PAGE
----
Conservative candidates victorious in Police and Crime Commissioner elections
THE first police and crime commisioners for Hertfordshire and Cambridgeshire have been elected.
Conservative candidate David Lloyd triumphed in Herts while another Tory, Sir Graham Bright, was victorious in Cambridgeshire. Turnout figures in both counties less than 20 per cent when voters went to the polls last Thursday.
Mr Lloyd, the former chairman of the Herts Police Authority – the body which is being replaced by the new role – beat Labour candidate Sherma Batson by 65,585 votes to 42,830 after second preferences were taken into account.
The 48-year-old said: “I’m delighted to be elected – it means I can change policing and I can continue what I began as chairman of the police authority. I will cut crime and I will make sure more criminals are convicted than in other parts of the country. Hertfordshire is a safe place to live and I’m sure that it will continue now I have been elected.”
Mr Lloyd admitted he was “disappointed at the low turnout” which saw him receive 54,686 first preference votes despite Hertfordshire having a total electorate of 845,253.
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He added that he would continue to support “outsourcing” services such as IT and payroll across Beds, Herts and Cambs’ forces to a private firm, a move which puts 1,100 back office roles at risk.
Turnout in Hertfordshire was 14.5 per cent, though this figure was slightly higher in the North Herts district, where 16.8 per cent of registered people cast their votes.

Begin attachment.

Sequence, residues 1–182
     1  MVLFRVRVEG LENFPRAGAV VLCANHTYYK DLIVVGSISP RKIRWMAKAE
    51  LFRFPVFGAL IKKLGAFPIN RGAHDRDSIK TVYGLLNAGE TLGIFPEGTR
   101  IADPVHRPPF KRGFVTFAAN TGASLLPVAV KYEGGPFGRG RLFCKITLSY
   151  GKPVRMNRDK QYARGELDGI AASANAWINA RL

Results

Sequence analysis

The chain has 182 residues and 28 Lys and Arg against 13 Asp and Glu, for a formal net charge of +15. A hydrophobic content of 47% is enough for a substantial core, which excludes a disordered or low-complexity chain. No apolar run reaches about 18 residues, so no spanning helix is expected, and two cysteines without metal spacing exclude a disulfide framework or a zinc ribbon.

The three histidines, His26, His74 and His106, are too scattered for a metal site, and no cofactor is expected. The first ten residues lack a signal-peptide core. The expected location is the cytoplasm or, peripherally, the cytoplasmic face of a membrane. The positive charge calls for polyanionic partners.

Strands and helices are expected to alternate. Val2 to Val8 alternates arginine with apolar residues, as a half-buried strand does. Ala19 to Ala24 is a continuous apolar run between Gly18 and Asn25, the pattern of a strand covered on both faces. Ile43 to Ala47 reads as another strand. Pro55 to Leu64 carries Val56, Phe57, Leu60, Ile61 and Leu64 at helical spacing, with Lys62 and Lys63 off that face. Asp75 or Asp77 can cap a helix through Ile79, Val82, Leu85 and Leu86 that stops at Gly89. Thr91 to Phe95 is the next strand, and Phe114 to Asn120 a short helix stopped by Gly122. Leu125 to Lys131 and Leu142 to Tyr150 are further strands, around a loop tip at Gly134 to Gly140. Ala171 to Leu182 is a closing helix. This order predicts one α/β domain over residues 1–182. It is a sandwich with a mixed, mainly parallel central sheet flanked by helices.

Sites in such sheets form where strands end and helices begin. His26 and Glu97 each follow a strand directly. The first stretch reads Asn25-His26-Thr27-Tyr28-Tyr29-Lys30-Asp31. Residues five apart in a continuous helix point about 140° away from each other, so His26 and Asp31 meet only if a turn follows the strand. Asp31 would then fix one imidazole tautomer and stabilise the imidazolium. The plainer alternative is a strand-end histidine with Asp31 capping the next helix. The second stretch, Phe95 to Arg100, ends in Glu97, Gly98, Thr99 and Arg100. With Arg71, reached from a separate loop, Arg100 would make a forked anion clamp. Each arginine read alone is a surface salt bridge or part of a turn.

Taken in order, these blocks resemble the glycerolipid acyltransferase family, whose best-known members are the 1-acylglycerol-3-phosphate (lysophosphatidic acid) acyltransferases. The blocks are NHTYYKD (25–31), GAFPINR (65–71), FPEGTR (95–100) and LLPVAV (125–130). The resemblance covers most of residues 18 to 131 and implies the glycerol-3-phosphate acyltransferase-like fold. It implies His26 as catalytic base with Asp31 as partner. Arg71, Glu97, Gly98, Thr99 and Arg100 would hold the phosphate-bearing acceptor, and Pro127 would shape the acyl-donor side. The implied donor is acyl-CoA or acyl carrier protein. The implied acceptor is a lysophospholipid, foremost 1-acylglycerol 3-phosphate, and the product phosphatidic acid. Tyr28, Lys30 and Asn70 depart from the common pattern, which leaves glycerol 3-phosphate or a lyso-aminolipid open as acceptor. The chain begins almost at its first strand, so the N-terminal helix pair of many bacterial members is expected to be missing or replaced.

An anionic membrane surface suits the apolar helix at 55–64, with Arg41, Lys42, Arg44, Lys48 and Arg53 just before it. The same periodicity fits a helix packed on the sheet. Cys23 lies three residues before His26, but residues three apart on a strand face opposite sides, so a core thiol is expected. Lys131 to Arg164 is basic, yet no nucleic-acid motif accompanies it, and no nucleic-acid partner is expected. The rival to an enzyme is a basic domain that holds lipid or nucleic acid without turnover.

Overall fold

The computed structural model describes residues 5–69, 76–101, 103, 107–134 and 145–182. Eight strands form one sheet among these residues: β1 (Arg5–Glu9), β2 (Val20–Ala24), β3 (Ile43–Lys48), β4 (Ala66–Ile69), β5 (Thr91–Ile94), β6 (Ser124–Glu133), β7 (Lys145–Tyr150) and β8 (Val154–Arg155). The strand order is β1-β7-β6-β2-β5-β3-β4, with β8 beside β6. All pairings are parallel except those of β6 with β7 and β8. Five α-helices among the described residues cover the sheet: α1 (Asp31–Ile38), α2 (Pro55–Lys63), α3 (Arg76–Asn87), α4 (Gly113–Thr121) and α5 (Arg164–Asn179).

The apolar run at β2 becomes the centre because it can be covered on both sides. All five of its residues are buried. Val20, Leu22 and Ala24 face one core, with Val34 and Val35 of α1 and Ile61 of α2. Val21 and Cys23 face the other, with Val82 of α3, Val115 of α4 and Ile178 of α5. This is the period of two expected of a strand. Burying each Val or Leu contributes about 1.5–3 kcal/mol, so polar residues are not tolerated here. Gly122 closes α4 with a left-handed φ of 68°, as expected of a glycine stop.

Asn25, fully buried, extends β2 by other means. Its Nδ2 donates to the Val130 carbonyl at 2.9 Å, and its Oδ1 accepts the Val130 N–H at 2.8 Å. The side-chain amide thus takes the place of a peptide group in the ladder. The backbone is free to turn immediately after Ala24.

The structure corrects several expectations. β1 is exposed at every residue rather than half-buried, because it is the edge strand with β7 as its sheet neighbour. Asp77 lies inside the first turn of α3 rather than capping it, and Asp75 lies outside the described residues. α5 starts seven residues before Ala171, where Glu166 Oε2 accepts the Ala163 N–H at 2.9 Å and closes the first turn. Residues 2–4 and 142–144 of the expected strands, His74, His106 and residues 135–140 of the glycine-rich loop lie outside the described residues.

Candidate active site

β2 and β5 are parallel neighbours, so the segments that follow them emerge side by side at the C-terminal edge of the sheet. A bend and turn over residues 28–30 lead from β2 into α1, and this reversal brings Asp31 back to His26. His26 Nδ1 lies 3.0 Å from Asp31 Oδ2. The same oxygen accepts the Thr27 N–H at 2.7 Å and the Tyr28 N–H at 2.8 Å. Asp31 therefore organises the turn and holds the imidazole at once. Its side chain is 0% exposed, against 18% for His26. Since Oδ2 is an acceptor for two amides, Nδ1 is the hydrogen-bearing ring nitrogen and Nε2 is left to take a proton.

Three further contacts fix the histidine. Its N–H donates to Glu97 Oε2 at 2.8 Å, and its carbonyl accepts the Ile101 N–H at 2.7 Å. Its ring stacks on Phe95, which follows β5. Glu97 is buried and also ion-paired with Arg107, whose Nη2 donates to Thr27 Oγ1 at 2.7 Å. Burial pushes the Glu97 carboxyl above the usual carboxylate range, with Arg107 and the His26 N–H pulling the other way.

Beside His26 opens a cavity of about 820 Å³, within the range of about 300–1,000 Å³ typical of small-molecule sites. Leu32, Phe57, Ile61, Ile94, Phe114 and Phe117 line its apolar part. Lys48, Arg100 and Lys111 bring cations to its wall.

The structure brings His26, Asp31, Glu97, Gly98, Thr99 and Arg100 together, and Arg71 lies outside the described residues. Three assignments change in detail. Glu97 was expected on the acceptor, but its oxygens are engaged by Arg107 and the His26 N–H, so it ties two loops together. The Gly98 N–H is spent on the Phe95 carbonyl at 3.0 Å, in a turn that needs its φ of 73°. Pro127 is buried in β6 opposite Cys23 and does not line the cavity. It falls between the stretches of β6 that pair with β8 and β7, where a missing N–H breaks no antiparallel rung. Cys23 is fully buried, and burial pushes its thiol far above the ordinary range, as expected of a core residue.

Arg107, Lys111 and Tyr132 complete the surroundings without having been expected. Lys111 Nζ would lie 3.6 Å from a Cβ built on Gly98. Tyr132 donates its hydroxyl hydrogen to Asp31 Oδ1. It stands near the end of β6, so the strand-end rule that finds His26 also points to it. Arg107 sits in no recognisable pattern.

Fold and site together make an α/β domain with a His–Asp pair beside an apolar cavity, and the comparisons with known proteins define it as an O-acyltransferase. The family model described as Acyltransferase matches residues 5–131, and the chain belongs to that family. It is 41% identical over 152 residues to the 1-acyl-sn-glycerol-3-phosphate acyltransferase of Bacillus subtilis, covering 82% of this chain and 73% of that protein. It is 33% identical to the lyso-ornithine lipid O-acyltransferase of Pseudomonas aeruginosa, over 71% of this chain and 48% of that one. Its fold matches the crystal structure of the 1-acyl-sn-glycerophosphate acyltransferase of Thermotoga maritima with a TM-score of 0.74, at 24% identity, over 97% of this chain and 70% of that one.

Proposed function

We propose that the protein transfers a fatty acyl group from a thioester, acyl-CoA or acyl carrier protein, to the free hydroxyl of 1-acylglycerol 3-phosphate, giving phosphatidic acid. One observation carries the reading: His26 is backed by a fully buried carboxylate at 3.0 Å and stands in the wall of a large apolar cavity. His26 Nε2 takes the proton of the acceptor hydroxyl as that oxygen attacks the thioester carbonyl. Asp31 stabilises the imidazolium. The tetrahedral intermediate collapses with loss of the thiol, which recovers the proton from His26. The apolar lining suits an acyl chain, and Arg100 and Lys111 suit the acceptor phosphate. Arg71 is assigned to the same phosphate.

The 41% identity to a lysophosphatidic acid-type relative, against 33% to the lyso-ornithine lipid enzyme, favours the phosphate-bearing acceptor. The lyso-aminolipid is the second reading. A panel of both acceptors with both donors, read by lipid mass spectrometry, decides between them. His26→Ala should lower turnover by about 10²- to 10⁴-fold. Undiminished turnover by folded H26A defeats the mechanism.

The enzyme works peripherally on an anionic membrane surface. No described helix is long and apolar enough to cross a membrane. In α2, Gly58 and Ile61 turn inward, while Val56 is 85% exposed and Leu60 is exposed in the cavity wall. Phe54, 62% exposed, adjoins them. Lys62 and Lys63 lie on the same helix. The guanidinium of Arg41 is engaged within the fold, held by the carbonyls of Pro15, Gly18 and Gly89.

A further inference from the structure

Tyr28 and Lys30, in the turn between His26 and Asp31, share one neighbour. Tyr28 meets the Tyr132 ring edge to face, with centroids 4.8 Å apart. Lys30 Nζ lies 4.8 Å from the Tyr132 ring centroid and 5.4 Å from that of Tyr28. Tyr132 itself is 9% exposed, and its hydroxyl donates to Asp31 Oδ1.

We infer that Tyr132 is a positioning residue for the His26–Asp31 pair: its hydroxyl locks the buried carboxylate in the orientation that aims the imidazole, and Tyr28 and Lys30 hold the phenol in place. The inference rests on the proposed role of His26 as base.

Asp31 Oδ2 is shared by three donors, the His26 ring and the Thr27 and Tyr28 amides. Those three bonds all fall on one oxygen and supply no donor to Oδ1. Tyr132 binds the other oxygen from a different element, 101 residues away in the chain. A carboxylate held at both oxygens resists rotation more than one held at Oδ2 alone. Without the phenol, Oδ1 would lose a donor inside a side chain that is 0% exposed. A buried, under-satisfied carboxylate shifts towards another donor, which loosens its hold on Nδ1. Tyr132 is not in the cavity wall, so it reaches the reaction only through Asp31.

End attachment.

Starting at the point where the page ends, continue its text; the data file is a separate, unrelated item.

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In Cambridgeshire turnout was 15.25 per cent overall, and 15.9 per cent in South Cambs. Winning candidate Sir Graham failed to get an outright majority after the first round of voting, pulling in some 23,731 votes compared to Labour counterpart Ed Murphy’s 17,576, but passed the crucial 50 per cent plus one vote ratio after the second round, where he pulled in 7,909 second choice votes.
“I realise that I will have to be the face of the public and represent the public to the police and I will literally be going flat-out to ensure that I do that,” said Sir Graham.
“To all those people who didn’t vote or who ruined their ballot paper, I don’t hold it against you because I represent all of the public and I will be doing that from tomorrow onwards.”
Both men will have the power to hire and fire chief constables, set policing priorities and decide budgets in the three-and-a-half-year position, while receiving an annual salary of around �75,000.